Kuratowski's closure-complement problem

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In point-set topology, Kuratowski's closure-complement problem asks for the largest number of distinct sets obtainable by repeatedly applying the set operations of closure and complement to a given starting subset of a topological space. The answer is 14. This result was first published by Kazimierz Kuratowski in 1922.[1] The problem gained wide exposure three decades later as an exercise in John L. Kelley's classic textbook General Topology.[2]


Letting S denote an arbitrary subset of a topological space, write kS for the closure of S, and cS for the complement of S. The following three identities imply that no more than 14 distinct sets are obtainable:

(1) kkS = kS. (The closure operation is idempotent.)

(2) ccS = S. (The complement operation is an involution.)

(3) kckckckcS = kckcS.(Or equivalently kckckckS=kckckckccS=kckS. Using identity (2).)

The first two are trivial. The third follows from the identity kikiS = kiS where iS is the interior of S which is equal to the complement of the closure of the complement of S, iS = ckcS. (The operation ki = kckc is idempotent.)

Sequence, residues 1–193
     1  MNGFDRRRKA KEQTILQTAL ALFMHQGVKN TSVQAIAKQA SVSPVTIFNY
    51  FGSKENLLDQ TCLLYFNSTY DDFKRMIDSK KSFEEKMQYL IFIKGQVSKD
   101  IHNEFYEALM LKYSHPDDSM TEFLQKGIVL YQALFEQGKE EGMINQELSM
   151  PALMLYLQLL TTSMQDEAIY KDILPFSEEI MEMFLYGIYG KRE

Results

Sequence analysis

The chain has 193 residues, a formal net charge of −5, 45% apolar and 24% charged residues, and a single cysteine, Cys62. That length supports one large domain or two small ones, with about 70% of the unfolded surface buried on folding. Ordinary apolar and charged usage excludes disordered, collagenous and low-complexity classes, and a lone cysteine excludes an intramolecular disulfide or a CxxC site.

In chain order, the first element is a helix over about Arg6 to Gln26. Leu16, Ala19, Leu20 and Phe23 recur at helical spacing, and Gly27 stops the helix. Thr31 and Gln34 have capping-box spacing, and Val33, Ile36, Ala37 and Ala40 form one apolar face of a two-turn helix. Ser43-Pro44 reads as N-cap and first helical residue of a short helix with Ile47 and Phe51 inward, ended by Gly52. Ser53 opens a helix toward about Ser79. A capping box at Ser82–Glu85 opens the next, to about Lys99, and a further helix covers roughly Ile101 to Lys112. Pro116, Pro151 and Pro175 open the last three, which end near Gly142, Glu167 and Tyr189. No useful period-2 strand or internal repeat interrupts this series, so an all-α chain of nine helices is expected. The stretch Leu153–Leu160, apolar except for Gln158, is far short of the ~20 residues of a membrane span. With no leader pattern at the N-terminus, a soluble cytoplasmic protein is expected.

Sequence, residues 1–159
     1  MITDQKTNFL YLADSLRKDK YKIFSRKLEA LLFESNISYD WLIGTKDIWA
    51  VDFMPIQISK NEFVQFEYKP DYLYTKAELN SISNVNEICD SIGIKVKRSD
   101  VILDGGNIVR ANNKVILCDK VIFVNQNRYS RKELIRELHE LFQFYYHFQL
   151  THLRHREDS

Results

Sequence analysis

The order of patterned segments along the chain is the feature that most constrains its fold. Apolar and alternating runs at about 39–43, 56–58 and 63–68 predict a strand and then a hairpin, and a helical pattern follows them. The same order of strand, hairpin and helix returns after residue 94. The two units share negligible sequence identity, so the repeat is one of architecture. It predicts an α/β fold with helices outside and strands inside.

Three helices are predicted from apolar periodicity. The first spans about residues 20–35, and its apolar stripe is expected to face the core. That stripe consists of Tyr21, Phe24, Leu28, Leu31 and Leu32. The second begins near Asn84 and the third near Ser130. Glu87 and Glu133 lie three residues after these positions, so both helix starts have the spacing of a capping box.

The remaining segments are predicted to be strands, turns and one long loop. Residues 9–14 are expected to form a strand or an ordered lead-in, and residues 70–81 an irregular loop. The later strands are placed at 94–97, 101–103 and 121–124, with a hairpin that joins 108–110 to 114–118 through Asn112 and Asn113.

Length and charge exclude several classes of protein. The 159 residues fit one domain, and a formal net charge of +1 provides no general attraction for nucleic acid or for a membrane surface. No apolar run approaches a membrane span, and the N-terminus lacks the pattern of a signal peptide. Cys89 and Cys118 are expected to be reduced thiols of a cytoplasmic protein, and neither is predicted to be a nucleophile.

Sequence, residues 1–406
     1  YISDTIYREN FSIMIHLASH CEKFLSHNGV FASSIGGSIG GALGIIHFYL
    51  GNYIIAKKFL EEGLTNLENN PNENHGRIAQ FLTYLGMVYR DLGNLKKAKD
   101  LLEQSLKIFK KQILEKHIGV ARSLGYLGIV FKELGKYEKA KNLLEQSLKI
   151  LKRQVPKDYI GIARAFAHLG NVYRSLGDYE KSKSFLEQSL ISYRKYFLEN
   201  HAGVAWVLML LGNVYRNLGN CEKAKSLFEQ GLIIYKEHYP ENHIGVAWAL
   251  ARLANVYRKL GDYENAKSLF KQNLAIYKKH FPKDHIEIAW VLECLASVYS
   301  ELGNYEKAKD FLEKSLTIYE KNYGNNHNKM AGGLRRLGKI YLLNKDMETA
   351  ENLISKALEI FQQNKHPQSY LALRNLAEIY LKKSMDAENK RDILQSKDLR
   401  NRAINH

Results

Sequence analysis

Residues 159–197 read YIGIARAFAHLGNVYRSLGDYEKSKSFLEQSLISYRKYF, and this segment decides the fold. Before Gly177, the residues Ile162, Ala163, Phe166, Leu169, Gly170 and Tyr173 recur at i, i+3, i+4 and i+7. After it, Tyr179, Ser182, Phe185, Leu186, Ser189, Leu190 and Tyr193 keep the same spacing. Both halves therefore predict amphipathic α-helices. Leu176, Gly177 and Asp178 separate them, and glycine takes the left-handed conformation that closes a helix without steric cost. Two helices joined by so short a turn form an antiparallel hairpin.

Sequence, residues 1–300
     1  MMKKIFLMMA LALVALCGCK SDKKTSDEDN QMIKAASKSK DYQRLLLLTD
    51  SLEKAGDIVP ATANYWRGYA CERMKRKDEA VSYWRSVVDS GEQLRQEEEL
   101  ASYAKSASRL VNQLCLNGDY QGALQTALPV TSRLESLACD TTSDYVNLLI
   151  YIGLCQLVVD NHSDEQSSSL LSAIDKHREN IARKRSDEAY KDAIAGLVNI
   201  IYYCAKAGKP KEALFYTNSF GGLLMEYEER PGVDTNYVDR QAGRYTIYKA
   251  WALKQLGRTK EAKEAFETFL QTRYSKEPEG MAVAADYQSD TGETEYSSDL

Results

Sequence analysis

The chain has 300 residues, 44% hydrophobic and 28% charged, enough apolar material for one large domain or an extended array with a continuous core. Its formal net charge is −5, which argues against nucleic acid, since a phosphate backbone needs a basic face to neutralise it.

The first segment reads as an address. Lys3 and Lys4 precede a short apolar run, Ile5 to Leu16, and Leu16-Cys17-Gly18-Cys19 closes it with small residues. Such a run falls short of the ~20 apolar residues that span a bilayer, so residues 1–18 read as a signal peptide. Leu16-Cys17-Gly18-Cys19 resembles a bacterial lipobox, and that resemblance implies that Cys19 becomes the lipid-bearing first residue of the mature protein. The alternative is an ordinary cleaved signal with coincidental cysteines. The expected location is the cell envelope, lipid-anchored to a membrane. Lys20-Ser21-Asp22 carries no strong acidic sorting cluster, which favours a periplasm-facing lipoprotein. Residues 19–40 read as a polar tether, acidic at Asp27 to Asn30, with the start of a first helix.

A subset realizing the maximum of 14 is called a 14-set. The space of real numbers under the usual topology contains 14-sets. Here is one example:

where denotes an open interval and denotes a closed interval.

Further results[edit]

Despite its origin within the context of a topological space, Kuratowski's closure-complement problem is actually more algebraic than topological. A surprising abundance of closely related problems and results have appeared since 1960, many of which have little or nothing to do with point-set topology.[3]


  1. ^ Kuratowski, Kazimierz (1922). "Sur l'operation A de l'Analysis Situs" (PDF). Fundamenta Mathematicae. Warsaw: Polish Academy of Sciences. 3: 182–199. ISSN 0016-2736. 
  2. ^ Kelley, John (1955). General Topology. Van Nostrand. p. 57. ISBN 0-387-90125-6. 
  3. ^ Hammer, P. C. (1960). "Kuratowski's Closure Theorem". Nieuw Archief voor Wiskunde. Royal Dutch Mathematical Society. 8: 74–80. ISSN 0028-9825. 

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